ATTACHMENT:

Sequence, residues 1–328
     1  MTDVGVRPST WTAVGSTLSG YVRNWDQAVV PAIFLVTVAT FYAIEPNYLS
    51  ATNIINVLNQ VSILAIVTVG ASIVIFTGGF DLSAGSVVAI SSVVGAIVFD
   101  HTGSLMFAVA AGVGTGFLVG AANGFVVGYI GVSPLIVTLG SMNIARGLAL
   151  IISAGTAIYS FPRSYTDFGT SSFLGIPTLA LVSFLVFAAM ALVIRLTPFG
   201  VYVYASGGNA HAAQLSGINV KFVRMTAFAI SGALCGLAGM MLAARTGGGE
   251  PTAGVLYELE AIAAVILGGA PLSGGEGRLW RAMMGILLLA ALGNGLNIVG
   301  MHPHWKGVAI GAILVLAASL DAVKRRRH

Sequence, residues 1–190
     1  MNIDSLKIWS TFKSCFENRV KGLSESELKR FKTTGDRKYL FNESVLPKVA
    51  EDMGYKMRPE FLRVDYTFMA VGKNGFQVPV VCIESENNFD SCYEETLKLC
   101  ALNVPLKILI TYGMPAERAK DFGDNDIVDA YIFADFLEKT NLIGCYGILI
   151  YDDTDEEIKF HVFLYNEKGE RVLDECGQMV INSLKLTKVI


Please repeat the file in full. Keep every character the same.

Sequence, residues 1–328
     1  MTDVGVRPST WTAVGSTLSG YVRNWDQAVV PAIFLVTVAT FYAIEPNYLS
    51  ATNIINVLNQ VSILAIVTVG ASIVIFTGGF DLSAGSVVAI SSVVGAIVFD
   101  HTGSLMFAVA AGVGTGFLVG AANGFVVGYI GVSPLIVTLG SMNIARGLAL
   151  IISAGTAIYS FPRSYTDFGT SSFLGIPTLA LVSFLVFAAM ALVIRLTPFG
   201  VYVYASGGNA HAAQLSGINV KFVRMTAFAI SGALCGLAGM MLAARTGGGE
   251  PTAGVLYELE AIAAVILGGA PLSGGEGRLW RAMMGILLLA ALGNGLNIVG
   301  MHPHWKGVAI GAILVLAASL DAVKRRRH

Sequence, residues 1–190
     1  MNIDSLKIWS TFKSCFENRV KGLSESELKR FKTTGDRKYL FNESVLPKVA
    51  EDMGYKMRPE FLRVDYTFMA VGKNGFQVPV VCIESENNFD SCYEETLKLC
   101  ALNVPLKILI TYGMPAERAK DFGDNDIVDA YIFADFLEKT NLIGCYGILI
   151  YDDTDEEIKF HVFLYNEKGE RVLDECGQMV INSLKLTKVI